A few sentences in Dancing to the Shipping Forecast, Dan Powell’s second prize winning 2015-anthologystory in the Bath Short Story Award 2015, gave me a heart-stop moment. The narrator’s great love has disappeared in a storm – we don’t know how. She is still living his house near the sea. His sister wants her to leave  and eventually implies in a phone call, that because the relationship was new, she has no right to stay any longer. After a long, crackling silence we hear the narrator’s thoughts –

“Two months, three weeks, four days, fourteen hours and a few minutes. Two months, three weeks, four days, fourteen hours and a few minutes from the first kiss to the last…”

This account of time in the context of the piece, sums up the aching depth of the woman’s loss and desolation. It comes at around the mid-point. Read the whole story in the Bath Short Story Award Anthology, 2015.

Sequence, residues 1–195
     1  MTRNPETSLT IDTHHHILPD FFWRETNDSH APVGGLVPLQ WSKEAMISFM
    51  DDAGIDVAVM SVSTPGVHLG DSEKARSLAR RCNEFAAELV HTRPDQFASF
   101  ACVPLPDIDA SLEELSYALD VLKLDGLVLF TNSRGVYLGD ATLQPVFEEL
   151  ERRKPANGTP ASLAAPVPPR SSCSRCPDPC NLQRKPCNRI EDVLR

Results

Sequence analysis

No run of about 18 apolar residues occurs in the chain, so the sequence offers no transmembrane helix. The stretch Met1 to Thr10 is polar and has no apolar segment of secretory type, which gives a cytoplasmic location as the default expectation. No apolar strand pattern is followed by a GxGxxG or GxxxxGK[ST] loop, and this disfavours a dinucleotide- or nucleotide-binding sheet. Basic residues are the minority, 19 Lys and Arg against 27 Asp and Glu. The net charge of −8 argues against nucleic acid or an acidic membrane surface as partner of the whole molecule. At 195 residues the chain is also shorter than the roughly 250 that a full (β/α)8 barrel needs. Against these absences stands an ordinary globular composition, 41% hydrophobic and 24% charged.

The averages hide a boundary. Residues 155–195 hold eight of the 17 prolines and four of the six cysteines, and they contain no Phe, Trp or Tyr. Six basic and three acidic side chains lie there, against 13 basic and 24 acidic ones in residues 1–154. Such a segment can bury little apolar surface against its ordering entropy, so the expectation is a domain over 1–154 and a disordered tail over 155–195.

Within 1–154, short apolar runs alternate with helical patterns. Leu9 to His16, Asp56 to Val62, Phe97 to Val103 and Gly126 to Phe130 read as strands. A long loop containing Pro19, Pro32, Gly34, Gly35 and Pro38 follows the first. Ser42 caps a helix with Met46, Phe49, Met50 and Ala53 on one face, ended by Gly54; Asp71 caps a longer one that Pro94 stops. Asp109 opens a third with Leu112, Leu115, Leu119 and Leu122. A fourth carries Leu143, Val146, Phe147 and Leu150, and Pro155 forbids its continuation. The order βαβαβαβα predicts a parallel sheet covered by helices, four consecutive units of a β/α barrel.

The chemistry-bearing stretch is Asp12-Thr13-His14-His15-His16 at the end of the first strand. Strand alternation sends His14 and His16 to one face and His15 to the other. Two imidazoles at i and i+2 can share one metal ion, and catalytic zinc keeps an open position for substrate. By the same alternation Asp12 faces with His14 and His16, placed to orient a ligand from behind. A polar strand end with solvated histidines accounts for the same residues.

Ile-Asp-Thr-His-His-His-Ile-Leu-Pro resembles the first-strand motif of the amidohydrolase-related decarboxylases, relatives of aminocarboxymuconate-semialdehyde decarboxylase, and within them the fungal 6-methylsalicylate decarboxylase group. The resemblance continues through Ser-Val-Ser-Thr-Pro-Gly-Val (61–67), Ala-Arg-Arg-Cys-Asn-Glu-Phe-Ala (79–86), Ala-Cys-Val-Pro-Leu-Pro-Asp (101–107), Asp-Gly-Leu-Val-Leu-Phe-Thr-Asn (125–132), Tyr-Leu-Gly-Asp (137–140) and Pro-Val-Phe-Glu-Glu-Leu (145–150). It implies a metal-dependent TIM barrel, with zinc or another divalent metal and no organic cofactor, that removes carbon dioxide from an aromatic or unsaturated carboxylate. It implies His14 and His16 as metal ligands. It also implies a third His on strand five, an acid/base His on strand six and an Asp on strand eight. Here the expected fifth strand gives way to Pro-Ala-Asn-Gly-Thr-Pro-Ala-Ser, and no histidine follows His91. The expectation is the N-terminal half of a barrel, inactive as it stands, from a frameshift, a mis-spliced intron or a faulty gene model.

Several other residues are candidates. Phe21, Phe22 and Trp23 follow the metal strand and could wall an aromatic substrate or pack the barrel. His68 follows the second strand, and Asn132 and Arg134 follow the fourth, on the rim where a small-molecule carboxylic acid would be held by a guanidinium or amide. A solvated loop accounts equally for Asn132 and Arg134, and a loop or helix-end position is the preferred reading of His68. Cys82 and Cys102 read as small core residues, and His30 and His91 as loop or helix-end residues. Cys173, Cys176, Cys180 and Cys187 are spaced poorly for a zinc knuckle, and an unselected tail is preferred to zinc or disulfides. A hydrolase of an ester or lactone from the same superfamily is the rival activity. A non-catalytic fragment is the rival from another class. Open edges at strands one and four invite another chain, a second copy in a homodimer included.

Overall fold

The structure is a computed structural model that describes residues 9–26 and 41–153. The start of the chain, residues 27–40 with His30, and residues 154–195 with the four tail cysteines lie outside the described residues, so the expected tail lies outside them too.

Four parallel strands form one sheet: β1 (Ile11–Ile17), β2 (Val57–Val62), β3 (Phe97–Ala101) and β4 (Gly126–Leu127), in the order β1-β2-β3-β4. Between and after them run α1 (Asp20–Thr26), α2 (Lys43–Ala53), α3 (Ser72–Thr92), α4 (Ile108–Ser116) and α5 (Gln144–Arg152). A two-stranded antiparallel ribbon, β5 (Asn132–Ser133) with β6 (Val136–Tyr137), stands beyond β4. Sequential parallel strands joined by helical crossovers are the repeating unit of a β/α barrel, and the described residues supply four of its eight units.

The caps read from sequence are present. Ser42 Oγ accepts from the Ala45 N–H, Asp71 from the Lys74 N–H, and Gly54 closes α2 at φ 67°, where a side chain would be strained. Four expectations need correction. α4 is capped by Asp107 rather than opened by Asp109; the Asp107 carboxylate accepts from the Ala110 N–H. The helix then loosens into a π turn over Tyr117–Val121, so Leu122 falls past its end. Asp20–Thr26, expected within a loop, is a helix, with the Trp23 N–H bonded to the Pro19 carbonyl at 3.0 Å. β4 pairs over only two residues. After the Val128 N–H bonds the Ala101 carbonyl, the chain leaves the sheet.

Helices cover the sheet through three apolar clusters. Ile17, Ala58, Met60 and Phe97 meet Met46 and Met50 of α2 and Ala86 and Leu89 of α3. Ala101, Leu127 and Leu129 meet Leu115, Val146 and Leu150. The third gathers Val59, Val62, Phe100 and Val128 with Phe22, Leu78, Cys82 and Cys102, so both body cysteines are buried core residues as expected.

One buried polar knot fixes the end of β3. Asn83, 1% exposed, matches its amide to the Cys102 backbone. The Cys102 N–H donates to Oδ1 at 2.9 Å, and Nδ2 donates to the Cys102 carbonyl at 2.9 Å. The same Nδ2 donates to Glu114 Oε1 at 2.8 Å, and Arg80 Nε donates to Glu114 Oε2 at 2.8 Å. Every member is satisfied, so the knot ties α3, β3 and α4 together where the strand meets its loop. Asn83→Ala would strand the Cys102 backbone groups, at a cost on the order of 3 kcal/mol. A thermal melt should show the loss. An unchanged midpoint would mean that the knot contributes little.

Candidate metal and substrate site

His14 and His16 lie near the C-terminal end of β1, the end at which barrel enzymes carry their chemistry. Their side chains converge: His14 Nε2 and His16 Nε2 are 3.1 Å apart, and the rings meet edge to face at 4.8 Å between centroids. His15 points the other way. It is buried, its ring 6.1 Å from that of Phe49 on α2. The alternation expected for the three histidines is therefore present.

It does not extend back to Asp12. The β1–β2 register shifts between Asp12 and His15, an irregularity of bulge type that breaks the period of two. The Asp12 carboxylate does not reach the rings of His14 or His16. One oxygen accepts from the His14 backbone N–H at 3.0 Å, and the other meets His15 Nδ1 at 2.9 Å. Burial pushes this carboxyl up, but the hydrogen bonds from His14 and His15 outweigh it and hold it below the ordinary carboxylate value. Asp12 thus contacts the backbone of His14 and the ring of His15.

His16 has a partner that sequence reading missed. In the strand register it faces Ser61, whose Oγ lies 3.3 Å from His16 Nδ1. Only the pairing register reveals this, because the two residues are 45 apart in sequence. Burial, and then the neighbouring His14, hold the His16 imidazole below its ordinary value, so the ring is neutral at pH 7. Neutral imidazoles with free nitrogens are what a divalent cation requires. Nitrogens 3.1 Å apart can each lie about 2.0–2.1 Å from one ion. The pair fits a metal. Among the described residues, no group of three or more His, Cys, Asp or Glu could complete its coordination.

Paragraph:

Dinosaurs coverThere are many great paragraphs in  ‘All About Alice’ one of Danielle McGoughlin’s stories in her acclaimed debut collection, ‘Dinosaurs on Other Planets’  Middle-aged Alice is trapped by the mistakes of her past, living without hope in the family home with her routine-bound father. In a rare week alone, when her father is on holiday, she ends up on a one-night stand with Jarlath.

“In the semi-darkness  of Jarlath’s bedroom, Alice lay on her back. She saw a large amoeba-shaped stain on the ceiling and, on top of the wardrobe, an orange traffic cone. Downstairs the two young men that Jarlath shared the house with had turned the music up louder. Jarlath lay next to her, his jeans still around his ankles. The music stopped downstairs and for a while there was silence except for the sound of a car going by on the street outside. Alice was overcome by a deadly urge to talk.”

Says it all.

Scenes